On November 3, 2011, the Director of the Office of Energy Projects for FERC issued a delegated order dismissing the uncontested application of Pivotal LNG, Inc. (“Pivotal”) for a limited jurisdiction blanket transportation certificate, under section 7(c) of the Natural Gas Act (“NGA”), in order to own and operate a liquefied natural gas (“LNG”) facility in support of its non-jurisdictional LNG fuel business.  The delegated order stated that Pivotal would not be conducting activities that fall under the Commission’s jurisdiction, and thus, a section 7 certificate would not be necessary.

On August 8, 2011, Pivotal, a subsidiary of AGL Resources, Inc., submitted its application to the Commission.  As detailed in the application, Pivotal plans to purchase an LNG peaking facility from the City of Trussville, Alabama (“Trussville Facility”).  Trussville has previously used the Trussville Facility to meet the demands of its own retail customers.  However, Trussville has since arranged for alternative gas supplies that have eliminated its need for LNG peaking supplies.  Pivotal intends to buy the Trussville Facility to liquefy and store natural gas for future sales as a liquid fuel for vehicular and other end uses.  The LNG will be delivered from the facility in tanker trucks to destinations where it will be consumed in LNG vehicles and other stationary uses to displace liquid fuels such as diesel.  In asserting that its core business activity fell outside NGA jurisdiction, Pivotal analogized its activities to those reviewed by the Commission in a prior case, Air Products and Chemicals, Inc., where the Commission held that the activities of a company planning to operate “refrigerated liquid methane” facilities to supply locomotive fuel would fall outside NGA jurisdiction.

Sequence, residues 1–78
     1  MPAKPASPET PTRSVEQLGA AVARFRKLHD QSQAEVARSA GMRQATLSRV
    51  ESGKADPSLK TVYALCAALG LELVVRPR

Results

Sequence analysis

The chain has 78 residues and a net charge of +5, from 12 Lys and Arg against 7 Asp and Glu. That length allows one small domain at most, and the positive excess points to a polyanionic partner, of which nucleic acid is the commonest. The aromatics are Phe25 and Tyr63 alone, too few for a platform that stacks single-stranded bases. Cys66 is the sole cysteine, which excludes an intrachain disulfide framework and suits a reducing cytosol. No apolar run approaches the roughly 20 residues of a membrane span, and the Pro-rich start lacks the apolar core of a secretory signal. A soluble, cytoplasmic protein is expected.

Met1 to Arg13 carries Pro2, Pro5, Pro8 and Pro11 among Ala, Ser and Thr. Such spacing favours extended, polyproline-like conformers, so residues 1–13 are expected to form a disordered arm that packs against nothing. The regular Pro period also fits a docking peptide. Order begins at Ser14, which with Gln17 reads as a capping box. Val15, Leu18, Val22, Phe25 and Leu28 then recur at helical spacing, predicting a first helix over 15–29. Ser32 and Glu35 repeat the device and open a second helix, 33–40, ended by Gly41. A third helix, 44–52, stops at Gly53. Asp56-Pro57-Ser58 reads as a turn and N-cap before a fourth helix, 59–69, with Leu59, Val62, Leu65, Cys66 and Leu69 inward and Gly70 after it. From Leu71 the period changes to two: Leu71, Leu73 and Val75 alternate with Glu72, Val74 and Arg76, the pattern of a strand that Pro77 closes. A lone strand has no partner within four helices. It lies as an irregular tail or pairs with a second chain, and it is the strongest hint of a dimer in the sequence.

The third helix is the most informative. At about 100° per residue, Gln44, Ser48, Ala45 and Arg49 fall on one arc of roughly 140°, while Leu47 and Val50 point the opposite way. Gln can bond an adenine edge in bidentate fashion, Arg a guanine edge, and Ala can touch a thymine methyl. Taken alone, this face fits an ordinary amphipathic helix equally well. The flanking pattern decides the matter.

In its application, Pivotal indicated that, although its core business activities were non-jurisdictional, the Trussville Facility would need to produce limited amounts of boil-off and tail gas, and that these vapor volumes would be sold and delivered directly to Trussville for consumption by that utility’s retail customers. While its application initially indicated that it might need to deliver some excess boil off and tail gas into Southern Natural’s interstate pipeline system, it confirmed in a data response that it has no present plan to do so, and would come back to the Commission if such were to be undertaken in the future.  Pivotal also confirmed that it had no plan to sell LNG for export to destinations outside the United States.

Since the boil-off and tail gas from the Trussville Facility would not be introduced back into an interstate pipeline, the November 3 Order determined that Pivotal would not be considered a natural gas company under section 2(6) of the NGA and that there is no need for a section 7 certificate from the Commission to deliver boil off and tail gas back into the Trussville utility system.

 A copy of the November 3 order is available here.